Courtesy of Rae Padulo
Rae Padulo creates handmade ceramics, like these holiday ornaments, for her Etsy-based company, mudstar ceramics. She's disappointed with the site's new policy to allow outsourced manufacturing. "There's nothing wrong with factory-made," she says, but "that's not what Etsy started out to be."
Rae Padulo creates handmade ceramics, like these holiday ornaments, for her Etsy-based company, mudstar ceramics. She's disappointed with the site's new policy to allow outsourced manufacturing. "There's nothing wrong with factory-made," she says, but "that's not what Etsy started out to be." Courtesy of Rae Padulo
Under online marketplace Etsy's new policies, vendors can now use an outside manufacturer to help make their goods.
That is not going down well with some longtime sellers, who are calling the new policies a turnaround from the site's original mission.
"Their moniker is, you know, a place to buy handmade. It doesn't say a place to buy factory-made," says Rae Padulo, a potter who began selling dishes and ornaments on Etsy in 2009.
"There's nothing wrong with factory-made; it's just, that's not what Etsy started out to be," she says. "It started out to be a place where you could get something special, something one-of-a-kind, something made by a human being."
Padulo says Etsy is abandoning makers of handcrafted goods, who, like her, have only one pair of hands.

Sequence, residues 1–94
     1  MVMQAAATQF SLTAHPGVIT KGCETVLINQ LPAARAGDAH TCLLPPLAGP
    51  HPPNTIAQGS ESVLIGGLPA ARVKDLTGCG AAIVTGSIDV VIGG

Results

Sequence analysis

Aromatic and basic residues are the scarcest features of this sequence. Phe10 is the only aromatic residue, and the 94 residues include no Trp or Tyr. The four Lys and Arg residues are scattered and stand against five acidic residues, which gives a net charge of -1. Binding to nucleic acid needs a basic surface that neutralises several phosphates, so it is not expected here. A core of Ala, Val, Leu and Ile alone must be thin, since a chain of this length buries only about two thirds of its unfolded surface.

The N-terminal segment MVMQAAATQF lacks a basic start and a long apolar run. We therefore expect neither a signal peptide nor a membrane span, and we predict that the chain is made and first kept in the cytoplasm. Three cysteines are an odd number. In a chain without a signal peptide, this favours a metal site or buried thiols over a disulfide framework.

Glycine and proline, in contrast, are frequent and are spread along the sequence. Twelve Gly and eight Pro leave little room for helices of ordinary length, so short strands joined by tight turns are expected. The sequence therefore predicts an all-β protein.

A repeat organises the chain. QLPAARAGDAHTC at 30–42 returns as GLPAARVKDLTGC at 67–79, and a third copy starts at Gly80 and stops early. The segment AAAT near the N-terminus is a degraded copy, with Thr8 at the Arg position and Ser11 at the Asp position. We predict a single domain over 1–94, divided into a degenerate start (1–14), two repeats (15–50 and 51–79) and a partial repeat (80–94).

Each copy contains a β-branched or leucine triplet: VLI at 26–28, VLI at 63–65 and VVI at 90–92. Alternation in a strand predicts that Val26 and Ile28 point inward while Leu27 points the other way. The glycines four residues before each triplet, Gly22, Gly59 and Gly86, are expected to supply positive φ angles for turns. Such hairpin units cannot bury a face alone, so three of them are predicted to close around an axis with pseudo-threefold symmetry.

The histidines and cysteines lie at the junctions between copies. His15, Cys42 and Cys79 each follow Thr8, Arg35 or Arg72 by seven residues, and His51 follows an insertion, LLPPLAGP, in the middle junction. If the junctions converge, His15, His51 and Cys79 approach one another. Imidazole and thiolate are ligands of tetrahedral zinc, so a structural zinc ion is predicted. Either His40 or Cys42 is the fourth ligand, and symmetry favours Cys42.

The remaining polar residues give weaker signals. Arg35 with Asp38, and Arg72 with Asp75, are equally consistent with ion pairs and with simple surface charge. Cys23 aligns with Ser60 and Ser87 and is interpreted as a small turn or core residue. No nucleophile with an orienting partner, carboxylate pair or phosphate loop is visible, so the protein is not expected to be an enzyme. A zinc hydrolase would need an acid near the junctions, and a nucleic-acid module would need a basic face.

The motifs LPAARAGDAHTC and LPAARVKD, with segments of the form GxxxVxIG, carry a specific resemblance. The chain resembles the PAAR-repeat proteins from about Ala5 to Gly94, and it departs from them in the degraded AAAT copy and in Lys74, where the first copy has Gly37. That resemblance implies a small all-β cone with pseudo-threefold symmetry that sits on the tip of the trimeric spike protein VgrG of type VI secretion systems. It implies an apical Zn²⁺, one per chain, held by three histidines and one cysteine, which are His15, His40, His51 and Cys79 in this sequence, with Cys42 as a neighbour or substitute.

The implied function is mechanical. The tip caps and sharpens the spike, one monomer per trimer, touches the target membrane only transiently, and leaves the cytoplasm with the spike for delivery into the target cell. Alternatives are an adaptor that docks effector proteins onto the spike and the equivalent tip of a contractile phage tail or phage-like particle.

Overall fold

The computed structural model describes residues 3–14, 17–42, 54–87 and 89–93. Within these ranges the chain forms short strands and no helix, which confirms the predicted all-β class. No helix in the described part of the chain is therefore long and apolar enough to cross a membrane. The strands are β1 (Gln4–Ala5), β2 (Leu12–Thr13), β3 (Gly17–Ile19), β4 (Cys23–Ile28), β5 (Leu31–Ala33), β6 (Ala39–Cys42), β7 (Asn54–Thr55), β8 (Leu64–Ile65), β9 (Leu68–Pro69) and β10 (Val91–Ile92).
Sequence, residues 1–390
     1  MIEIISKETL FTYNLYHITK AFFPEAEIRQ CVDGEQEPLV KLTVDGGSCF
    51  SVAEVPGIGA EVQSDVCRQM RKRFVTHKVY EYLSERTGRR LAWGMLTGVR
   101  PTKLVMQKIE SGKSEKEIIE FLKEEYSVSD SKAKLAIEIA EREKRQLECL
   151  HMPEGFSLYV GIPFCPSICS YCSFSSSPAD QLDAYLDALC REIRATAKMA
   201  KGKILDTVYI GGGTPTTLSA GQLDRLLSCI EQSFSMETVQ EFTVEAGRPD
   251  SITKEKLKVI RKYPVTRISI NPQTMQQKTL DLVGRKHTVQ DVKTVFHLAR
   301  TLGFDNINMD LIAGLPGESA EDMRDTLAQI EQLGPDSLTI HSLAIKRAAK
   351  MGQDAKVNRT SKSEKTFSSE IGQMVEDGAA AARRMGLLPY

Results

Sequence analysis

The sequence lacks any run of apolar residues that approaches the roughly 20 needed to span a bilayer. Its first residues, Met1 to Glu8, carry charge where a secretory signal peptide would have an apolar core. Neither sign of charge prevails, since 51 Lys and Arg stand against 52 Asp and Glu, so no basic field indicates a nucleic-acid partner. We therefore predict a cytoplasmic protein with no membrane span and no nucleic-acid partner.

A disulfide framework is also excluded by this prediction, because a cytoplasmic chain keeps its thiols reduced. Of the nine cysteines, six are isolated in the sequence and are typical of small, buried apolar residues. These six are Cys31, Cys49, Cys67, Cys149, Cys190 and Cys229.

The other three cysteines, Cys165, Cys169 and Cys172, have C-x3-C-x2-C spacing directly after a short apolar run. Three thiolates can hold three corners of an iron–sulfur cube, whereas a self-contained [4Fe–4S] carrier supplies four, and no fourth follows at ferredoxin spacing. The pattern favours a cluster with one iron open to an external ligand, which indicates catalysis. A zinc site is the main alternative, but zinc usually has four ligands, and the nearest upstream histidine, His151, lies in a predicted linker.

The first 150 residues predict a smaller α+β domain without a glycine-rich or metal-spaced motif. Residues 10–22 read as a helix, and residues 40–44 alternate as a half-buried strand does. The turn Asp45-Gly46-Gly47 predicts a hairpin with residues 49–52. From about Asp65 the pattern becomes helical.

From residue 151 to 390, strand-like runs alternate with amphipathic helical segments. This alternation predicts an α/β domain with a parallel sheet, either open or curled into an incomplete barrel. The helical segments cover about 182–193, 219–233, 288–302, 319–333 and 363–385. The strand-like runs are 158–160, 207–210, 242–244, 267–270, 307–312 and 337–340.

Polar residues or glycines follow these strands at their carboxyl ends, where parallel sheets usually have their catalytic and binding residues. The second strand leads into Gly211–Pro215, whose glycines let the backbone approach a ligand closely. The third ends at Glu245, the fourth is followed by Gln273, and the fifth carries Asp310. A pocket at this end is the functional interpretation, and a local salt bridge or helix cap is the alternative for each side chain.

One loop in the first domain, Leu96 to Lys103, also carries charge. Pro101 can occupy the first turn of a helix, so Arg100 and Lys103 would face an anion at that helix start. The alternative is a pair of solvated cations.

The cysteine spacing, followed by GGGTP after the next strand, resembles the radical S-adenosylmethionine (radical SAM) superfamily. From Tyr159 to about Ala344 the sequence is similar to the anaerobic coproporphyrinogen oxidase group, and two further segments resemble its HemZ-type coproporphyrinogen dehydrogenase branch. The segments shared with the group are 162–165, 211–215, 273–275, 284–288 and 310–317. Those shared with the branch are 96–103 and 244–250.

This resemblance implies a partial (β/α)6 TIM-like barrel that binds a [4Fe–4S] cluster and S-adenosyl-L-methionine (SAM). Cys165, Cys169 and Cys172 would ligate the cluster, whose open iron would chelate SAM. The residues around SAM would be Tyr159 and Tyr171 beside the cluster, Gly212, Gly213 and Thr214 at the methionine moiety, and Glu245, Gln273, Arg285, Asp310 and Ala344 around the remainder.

Etsy CEO Chad Dickerson says the company is still behind lone artisans — they make up most of its 1 million sellers. Still, it wants to support those whose businesses are growing, and under the old rules, that was difficult. Successful vendors were frustrated that they couldn't get enough help with their work.
"We heard from a wedding seller, for example, who said that when wedding season came around she was in a state of mild panic attack because she just reached her limit and was working, you know, 18 hours a day," Dickerson says.
Under the new policy, anyone who wants to work with an outside manufacturer has to apply and be vetted by Etsy, which makes sure the arrangement meets its ethical guidelines.
Alexandra Ferguson started her pillow business on Etsy several years ago working from home. She's since expanded her line to makeup cases made out of organic cotton with recycled felt lettering.
Ferguson's business has tripled in the last two years. She now works out of a small factory in Brooklyn with 11 employees.
Ferguson says she's proud to be creating manufacturing jobs in New York City. "That Etsy is now encouraging and embracing that growth, to say it doesn't matter how many employees you have — you can have 25, you can have 50, you can have 100 — just means we've now been given free rein to hire as much as we need to sustain our growth," she says.
But not all vendors want to grow their businesses like Ferguson did, especially those who were attracted to the site's small-business ethos.
And some of its rivals are hovering, hoping to attract disappointed vendors. Padulo says she's heard from the CEO of a site called Zibbet.
"He sent an email to every account and said, 'I make a commitment: We will only sell handmade items on this site. We will never sell manufactured items,' " Padulo says. "It's music to a lot of sellers' ears, you know?"
Padulo says she's enjoyed being part of Etsy but may close her shop after the holidays.
Dickerson says he hates to lose sellers because of the new policy. But in the eight years that Etsy has been online, the creative world has changed. For example, some sellers are creating jewelry using 3-D printing.
"Those are handmade, I think, in spirit, even though they're designed on a computer and printed," he says.
He says Etsy sellers can now turn their hands to whatever innovation comes next.